And if the Phillies hope to graduate from rebuilder to contender at some point in the next two seasons (which should be the goal, given that this rebuilding thing began in the fall of ’14), they’re going to need some pitching. A lot more than they have at the moment.

Here is a list of pitchers to start a game for the Phillies in 2017:

Jeremy Hellickson
Aaron Nola
Jerad Eickhoff
Nick Pivetta
Vince Velasquez
Zach Eflin
Ben Lively
Mark Leiter
Jake Thompson
Clay Buchholz

Here is a list of those pitchers who have an ERA above 5.00 this year:

Vince Velasquez
Nick Pivetta
Zach Eflin
Jake Thompson

Here is a list of those pitchers the average Phillies fan is genuinely excited about seeing in 2018:

Aaron Nola

The Phillies entered play on Wednesday just four games under .500 since the All-Star break. But they also entered the day with a 5.73 ERA from their starting pitchers not named Aaron Nola since the break … a number that rose to a ghastly 5.98 ERA in 35 games after Eickhoff’s outing.

But to narrow the focus on the starters to a seven-week period from mid-July to the end of August isn't a fair representation of how bad it’s been in 2017. The nine starters other than Nola had combined for a 5.14 ERA and 1.44 WHIP in 108 games before Leiter took the mound late Wednesday afternoon in South Philly.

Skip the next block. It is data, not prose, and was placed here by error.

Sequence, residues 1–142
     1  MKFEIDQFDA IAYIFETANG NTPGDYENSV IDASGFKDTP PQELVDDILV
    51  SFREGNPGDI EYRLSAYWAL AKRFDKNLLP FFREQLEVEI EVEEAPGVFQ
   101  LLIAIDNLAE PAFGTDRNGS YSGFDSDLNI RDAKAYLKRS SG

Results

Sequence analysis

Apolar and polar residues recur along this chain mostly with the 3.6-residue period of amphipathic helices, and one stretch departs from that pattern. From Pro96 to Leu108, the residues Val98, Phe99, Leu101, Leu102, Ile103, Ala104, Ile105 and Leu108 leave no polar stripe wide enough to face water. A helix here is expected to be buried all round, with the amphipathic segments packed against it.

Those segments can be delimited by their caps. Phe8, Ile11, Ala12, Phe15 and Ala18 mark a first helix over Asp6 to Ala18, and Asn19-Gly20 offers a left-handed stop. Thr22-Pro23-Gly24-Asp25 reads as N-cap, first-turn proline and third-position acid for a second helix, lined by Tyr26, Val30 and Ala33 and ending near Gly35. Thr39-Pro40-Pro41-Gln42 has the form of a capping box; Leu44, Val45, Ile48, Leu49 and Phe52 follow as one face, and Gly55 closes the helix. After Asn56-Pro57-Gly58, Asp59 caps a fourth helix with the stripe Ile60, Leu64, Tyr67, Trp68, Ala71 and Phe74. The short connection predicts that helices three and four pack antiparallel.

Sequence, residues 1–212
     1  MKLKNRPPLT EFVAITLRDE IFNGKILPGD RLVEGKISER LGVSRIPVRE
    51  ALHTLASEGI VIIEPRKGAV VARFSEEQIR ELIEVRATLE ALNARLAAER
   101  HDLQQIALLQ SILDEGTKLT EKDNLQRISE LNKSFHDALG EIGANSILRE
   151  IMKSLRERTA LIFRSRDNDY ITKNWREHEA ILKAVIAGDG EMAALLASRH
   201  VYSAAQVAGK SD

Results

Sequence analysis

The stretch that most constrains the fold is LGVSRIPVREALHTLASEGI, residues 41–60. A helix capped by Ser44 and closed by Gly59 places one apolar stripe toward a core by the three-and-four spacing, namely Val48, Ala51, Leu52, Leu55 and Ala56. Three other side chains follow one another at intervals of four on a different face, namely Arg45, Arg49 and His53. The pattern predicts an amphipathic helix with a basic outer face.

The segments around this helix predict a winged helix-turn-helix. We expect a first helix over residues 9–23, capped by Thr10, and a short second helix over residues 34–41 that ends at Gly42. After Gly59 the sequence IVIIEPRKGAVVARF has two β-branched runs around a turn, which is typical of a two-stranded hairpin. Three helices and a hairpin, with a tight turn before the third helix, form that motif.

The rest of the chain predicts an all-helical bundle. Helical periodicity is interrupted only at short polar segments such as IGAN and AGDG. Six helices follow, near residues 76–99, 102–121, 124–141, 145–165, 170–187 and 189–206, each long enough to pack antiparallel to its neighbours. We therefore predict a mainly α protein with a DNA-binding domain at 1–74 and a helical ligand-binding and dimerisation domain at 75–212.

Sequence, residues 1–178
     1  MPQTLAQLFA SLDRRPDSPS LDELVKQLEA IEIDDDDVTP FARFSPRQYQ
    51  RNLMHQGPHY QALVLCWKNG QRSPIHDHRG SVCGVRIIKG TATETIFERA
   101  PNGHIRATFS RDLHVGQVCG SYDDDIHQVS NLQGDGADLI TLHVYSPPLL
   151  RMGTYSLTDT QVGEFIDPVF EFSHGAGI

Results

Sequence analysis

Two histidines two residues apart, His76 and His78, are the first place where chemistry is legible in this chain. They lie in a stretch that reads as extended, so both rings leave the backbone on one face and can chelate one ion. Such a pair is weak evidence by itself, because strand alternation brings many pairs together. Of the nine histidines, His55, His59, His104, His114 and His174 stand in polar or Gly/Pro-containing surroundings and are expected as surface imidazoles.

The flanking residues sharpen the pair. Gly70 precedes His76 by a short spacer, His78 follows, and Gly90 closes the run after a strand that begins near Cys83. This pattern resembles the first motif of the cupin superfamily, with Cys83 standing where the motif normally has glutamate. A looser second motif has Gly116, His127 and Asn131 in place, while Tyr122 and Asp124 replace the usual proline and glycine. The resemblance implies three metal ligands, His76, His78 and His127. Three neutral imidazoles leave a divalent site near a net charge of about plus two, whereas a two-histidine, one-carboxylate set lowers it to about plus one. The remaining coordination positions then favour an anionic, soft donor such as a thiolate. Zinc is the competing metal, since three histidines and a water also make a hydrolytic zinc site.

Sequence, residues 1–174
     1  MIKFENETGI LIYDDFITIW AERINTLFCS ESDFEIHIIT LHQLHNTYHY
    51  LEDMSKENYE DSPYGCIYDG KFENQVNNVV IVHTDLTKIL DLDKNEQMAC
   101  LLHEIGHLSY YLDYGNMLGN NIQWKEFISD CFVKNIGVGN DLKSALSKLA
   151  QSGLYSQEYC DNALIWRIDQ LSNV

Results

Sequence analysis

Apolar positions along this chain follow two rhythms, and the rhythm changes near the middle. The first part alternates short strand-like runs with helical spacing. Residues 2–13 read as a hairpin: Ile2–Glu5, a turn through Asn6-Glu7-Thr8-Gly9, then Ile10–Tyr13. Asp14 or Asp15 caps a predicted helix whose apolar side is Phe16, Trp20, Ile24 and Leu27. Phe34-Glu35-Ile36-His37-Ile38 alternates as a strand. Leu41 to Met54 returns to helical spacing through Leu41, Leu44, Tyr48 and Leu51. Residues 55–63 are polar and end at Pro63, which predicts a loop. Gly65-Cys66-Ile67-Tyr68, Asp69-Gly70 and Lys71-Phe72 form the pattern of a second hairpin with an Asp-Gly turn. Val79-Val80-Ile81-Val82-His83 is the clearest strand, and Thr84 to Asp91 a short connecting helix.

And while there would appear to be more impact bats at Triple-A, a couple of talented infielders who could follow Rhys Hoskins’ path to changing the shape of the Phillies’ offense in the first half of 2018, the impact pitching prospects are further away. Sixto Sanchez, who turned 19 a month ago, just got to Class A Clearwater where he basically replaced 22-year-old Franklyn Kilome, who has made all of four starts at Double-A Reading.

For all the talk and intrigue of joining the mix of teams interested in taking on Giancarlo Stanton’s massive contract (and getting his massive, attendance-swelling bat, too) through a trade, it’s probably better baseball business to seek out some arms through trades this winter instead. Go buy a bat the following year, during the free agent bonanza of ’18-19 (Harper and Machado and McCutchen, oh my!).

Dropping $120-200 million on a 30-year-old arm (which is how elite free agent pitching often works) is pretty much the definition of risky business. The first two years of those contracts might be fine, but after that, you’re entering the Roy Halladay-Cliff Lee Danger Zone.

The better play, as mentioned here in detail before, is to seek out a younger, controllable arm through a trade, one you can continue to build a contender with alongside Nola in 2018. (A guy like the right-hander who started Wednesday afternoon for the Braves, in fact).

Because another year of middling arms that aren’t quite-MLB ready and unwanted veterans on one-year deals is going to lead to a pretty predictable path: the Phillies clinching their sixth straight losing season right around Labor Day weekend in 2018.


Follow Ryan on Twitter: @ryanlawrence21